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2 May. Windmillers on the line. 33 miles.

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Windmillers on the Meridian Line between Great and Little Eversden (actually about 90 degrees to it!). From the left, Keith, Roger, Victor, Simon O, Simon T, Sandra, Ric, Mike, Chris, new boy Charles, Maurice, Lawrence, Andrew.

Having gathered at The Red House at Longstowe this also proved to be a tour of windmills for the above 14 Windmillers including new boy Charles who lives in Chrishall. Welcome, Charles, even though he called us a bunch of old b******s! Clearly, he summed us up quickly and accurately. Setting off at the early hour of 9.00am, or thereabouts, the group headed firstly up the busy A1198 as far as the Bourn turning after which all was peace and quiet.

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Preparing for departure

This is where we went:

Longstowe Wimpole ride 2 May 2019

The first windmill was spotted tucked away behind some trees in Kingston, so tucked away that it doesn’t seem to be listed on a Wikipedia list of Cambridgeshire windmills, but here it is all the same:

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The residents must have thought we were Chinese cyclists

Shortly afterwards we crossed the Meridian Line with its attractive marker, unveiled by Sir Martin Rees, The Astronomer Royal, on New Year’s Eve 2000. Hopefully there were fireworks too.

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The Meridian Marker plaque

Maurice always likes to sort the men from the boys with an early hill and he didn’t disappoint when offering us a steep ascent out of Haslingfield towards Barrington, but probably not quite as steep or long as the hill coming the other way from Barrington which we were able to cruise down at speed. Then it was through Shepreth and right towards Orwell where you could almost smell the coffee at Wimpole Hall.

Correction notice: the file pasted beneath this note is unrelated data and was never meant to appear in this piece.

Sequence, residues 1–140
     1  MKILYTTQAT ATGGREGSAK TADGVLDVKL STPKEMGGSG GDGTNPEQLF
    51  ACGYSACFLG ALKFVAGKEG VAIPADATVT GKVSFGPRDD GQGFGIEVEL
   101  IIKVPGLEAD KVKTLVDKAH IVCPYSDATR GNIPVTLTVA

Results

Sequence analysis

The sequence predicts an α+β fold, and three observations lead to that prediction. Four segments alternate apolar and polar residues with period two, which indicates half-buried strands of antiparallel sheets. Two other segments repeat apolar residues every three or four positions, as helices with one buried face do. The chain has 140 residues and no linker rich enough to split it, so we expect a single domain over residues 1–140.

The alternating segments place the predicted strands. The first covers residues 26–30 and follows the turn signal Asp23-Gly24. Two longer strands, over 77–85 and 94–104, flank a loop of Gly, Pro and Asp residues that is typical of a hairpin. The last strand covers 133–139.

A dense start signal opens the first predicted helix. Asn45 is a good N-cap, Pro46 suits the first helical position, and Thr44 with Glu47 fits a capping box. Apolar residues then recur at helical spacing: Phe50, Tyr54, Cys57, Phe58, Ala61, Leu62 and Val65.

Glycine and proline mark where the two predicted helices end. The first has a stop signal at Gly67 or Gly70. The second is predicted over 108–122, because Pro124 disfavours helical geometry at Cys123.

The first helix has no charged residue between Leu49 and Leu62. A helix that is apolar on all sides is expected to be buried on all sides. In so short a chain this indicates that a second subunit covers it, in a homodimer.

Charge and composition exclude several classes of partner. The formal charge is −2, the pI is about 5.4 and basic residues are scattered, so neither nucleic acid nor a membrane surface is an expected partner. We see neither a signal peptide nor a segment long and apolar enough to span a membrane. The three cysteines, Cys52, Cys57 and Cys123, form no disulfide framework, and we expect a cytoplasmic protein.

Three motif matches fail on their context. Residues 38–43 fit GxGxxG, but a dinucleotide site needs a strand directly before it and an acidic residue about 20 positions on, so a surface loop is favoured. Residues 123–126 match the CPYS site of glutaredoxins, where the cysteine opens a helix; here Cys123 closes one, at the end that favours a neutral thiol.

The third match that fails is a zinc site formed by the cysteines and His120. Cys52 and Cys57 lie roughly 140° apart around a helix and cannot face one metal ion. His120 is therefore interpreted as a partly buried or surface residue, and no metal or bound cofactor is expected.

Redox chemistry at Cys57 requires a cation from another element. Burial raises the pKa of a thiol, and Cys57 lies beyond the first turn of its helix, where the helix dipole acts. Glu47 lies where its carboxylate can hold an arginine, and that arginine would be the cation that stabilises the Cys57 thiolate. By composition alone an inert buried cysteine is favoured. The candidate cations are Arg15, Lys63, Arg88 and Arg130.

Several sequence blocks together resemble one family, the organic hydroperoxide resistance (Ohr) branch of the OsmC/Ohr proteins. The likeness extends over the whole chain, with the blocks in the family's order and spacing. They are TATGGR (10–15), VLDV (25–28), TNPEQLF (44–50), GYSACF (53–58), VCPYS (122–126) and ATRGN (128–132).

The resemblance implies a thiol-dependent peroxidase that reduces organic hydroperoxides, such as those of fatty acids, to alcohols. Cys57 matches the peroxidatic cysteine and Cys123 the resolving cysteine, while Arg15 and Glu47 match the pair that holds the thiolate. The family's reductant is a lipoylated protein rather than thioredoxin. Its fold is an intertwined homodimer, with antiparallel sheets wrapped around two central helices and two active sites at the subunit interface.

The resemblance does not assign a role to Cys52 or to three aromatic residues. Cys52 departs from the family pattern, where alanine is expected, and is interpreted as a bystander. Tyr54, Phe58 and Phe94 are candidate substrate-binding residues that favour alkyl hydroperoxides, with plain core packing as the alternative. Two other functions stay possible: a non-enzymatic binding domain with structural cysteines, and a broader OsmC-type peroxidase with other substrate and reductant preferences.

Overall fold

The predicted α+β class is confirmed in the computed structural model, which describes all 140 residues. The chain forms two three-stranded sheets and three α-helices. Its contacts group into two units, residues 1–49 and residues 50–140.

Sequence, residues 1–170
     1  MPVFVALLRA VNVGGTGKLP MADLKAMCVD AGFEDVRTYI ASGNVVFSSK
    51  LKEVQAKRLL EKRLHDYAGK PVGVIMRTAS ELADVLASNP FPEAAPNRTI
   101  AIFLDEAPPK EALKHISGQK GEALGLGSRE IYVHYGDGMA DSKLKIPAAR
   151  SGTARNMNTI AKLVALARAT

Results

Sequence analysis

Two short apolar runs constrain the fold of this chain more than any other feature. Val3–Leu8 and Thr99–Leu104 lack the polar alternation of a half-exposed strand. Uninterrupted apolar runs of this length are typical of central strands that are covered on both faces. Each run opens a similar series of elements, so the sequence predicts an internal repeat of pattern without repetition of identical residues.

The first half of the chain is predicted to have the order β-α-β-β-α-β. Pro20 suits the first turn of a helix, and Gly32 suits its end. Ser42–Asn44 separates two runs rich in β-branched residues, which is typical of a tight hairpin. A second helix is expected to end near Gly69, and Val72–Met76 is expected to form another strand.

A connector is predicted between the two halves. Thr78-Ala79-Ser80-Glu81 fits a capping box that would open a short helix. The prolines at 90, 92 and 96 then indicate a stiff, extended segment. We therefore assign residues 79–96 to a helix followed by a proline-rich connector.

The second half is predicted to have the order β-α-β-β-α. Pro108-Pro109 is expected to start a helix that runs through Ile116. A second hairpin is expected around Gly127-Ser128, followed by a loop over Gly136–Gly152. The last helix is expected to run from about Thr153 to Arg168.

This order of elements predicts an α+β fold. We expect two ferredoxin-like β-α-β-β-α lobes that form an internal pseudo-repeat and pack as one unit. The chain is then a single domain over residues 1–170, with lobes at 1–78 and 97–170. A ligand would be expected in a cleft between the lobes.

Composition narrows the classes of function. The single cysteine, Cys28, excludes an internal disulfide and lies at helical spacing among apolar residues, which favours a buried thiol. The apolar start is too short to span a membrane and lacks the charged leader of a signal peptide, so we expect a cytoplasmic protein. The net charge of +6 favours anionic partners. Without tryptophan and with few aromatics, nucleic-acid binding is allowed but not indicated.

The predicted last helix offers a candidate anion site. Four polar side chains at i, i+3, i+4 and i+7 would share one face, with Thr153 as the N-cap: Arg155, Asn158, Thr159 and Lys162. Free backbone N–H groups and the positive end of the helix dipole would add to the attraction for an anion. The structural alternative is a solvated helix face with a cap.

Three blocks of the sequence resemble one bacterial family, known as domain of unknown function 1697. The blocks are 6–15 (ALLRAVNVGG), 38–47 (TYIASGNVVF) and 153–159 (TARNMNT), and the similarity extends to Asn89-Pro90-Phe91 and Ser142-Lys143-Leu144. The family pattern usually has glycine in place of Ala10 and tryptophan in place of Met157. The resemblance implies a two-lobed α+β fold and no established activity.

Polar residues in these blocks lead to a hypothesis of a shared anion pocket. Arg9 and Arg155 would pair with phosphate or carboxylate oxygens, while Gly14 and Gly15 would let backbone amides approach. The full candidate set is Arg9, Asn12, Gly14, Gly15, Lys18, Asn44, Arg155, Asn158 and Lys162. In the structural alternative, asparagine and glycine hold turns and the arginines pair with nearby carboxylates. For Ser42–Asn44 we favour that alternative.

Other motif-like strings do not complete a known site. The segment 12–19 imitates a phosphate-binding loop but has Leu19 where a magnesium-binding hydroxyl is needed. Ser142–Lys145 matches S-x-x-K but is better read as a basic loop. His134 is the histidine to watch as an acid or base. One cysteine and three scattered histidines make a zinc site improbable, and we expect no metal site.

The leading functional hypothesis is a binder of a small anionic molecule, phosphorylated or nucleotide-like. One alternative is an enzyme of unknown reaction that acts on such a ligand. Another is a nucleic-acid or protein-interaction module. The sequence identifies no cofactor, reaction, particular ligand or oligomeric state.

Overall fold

Coffee at Wimpole Hall is always a delight except for the system which does not seem able to cope with a sudden onslaught of customers, despite the number of staff on duty. However, there were two queues this time which was better unless you were in the queue on the right! That was the more dangerous queue too with its large choice of cakes and buns on display.

Leaving the grounds in a westerly direction afforded a wonderful view of Wimpole Hall bathed in sun on what was a lovely spring day:

Wimpole Hall

 

Then we continued through quiet lanes to Croydon and  Hatley St George before turning north towards the Gransdens and more windmills for those who chose the blue route shown on Maurice’s map above. Victor, Charles and Simon O decided to continue on the red route.

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Stopping for a breather at Hatley St. George

Great Gransden Mill dates from 1614 and is a fine example of rural engineering. Restored in 1982 / 83 it is still in great condition but minus its sails.

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Simon resting amongst the dandelions and buttercups in front of Great Gransden Mill
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Maurice explaining how it works
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We might want to take a look inside next time.

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By this time there were thoughts of beer and lunch back at The Red House but that didn’t stop a few Windmillers, those who show true respect to windmills, from stopping and admiring at close quarters the very attractive Bourn Windmill, set back from the road up a path. So whilst Simon T, Mike and Martin got chatting to the nice lady in the adjacent Mill Cottage, who offered to show us around the mill on a future occasion, the others decided to head back and quench their thirsts.

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Martin, Simon and Mike showing respect to Bourn Windmill in all its glory

Finally, most gathered for lunch back at The Red House, including Ken who had hoped to catch up with us at Wimpole, and very good it was too although two of us subsequently wondered about the ham and egg mayo sandwich due to some after effects. It might have been the Belhaven!

Ric and Sandra clocked up much longer distances having cycled from their homes. Well done both.

Thanks to Maurice for a great route and to Andrew for getting us to the start point.

Martin

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